• Legislate to reduce public spending by X % per year for the next Y years [to this one can add an idea attributed to Warren Buffet - if the budget deficit exceeds Z % in any year ministers are obliged to resign and disallowed from public office and representatives are ineligible for re-election].
  • Reduce bureaucratic costs that burden the private sector.

OPPORTUNITY 3: Organise as members of civil society to make our political representatives more accountable

  • Design clear job descriptions of each political post. Monitor performance and sack with no pension if default.
  • Teach social responsibility in schools perhaps with parents participation to overcome inertia.
  • Introduce processes of public scrutiny for all people appointed to senior public office.
  • Create question time for president and ministers in the House of Representatives and beyond.

OPPORTUNITY 4: Develop a culture of Health & Safety

  • Network neighbourhoods and municipalities to link-up responsible people on a voluntary basis. Organise so each member of a team is responsible for someone else.
  • Turn the focus of our armed forces to rescue operations.
  • Develop a special corps of women (doing mandatory National Service?) for Health and Security and Rescue Operations.
  • Develop enjoyable ways of teaching Health & Safety at schools, public and private organisations, to raise awareness on the cause of accidents and instil a culture of accountability and responsibility for the safety of others. The arts and theatre can also be used to this end.
  • Establish zero-tolerance for errors where appropriate, eg smoking at petrol pumps or when guarding explosives.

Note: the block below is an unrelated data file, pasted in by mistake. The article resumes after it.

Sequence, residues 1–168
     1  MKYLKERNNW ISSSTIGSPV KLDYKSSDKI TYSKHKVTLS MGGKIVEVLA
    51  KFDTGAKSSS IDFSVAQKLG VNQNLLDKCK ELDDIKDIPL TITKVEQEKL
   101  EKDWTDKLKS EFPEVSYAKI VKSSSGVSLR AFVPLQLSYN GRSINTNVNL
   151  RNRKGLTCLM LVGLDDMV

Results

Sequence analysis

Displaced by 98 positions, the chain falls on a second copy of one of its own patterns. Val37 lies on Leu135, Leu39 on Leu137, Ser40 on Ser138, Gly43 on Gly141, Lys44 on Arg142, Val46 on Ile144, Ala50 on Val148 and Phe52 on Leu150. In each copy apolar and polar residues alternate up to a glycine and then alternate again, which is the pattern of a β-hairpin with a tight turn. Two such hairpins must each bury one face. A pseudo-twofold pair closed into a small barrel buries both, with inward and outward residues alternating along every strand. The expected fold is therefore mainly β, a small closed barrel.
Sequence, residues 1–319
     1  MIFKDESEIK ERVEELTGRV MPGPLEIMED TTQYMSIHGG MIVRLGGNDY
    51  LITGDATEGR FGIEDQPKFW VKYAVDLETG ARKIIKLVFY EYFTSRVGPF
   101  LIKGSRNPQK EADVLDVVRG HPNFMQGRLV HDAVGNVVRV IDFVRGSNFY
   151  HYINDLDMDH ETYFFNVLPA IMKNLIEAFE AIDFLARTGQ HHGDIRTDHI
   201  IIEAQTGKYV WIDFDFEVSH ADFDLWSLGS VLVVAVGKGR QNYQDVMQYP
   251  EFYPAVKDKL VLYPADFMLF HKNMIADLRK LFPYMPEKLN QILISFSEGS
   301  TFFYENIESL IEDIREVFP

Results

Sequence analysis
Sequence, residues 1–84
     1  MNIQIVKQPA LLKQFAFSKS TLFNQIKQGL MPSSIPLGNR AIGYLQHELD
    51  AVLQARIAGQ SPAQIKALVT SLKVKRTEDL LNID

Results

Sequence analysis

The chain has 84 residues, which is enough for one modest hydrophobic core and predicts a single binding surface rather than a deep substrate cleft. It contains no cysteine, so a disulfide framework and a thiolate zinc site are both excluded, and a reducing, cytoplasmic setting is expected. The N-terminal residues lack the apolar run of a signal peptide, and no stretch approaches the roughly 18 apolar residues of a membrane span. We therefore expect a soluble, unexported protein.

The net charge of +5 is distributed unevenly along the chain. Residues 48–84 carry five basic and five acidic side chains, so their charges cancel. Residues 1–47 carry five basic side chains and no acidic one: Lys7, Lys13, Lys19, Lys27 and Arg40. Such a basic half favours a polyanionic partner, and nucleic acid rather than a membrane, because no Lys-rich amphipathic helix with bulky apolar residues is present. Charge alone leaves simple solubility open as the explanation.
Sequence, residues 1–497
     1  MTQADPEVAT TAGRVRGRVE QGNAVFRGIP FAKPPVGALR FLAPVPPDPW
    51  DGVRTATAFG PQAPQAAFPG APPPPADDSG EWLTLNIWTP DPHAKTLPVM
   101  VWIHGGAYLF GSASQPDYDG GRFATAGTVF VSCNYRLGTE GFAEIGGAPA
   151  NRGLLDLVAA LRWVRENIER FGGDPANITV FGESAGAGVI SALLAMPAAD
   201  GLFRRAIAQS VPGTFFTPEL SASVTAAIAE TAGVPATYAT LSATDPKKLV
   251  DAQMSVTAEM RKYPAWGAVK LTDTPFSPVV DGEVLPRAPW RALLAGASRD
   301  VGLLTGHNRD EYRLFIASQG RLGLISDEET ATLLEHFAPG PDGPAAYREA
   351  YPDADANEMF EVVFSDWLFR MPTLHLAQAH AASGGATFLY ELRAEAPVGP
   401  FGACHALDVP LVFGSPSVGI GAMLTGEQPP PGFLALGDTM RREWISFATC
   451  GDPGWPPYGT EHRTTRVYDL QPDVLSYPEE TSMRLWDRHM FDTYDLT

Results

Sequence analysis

• Develop risk and crisis management programmes for public and private organisations. Recognise that risk is present in everything we do and that its severity is measurable.

OPPORTUNITY 5: Expedite the shift to renewable energy

  • Government should use school roofs for solar energy collection and solar energy for its own electrical consumption and public consumption eg street lighting.
  • Introduce tax breaks for homes/businesses investing to convert their properties to be more energy efficient.
  • Educate on renewable energy at all levels and increase awareness of energy efficiency.
  • Legislate so all new buildings come with part solar energy and other energy efficient specifications.
  • Every household turns off all electrical power for three hours a day forever more.
  • Reward people for notably reducing their energy consumption.
  • Introduce a "Tips & Tricks" website on energy saving in many languages. Offer special prizes for people inventing good new tips

Many of the above involve expenses. However now is the opportunity to seriously weigh costs and benefits of reconstructing what was destroyed with those of investing in partial reconstruction plus renewable energy support.

Our ideas were generated in less than three hours. Some ideas are simple and straightforward, others a little more way out. We could have more such sessions to generate more ideas. We could improve the ones we already have. Of course ideas are good only if implemented, so here are two further questions:

  1. Are our politicians and public servants capable of implementing the above?
  2. How might we, citizens ensure their implementation?
Let us connect as people on a personal, professional and political level to change our society in a meaningful way. And let us allow our own mindsets to be open to change.

Published on July 31, 2011
cyprus-mail.com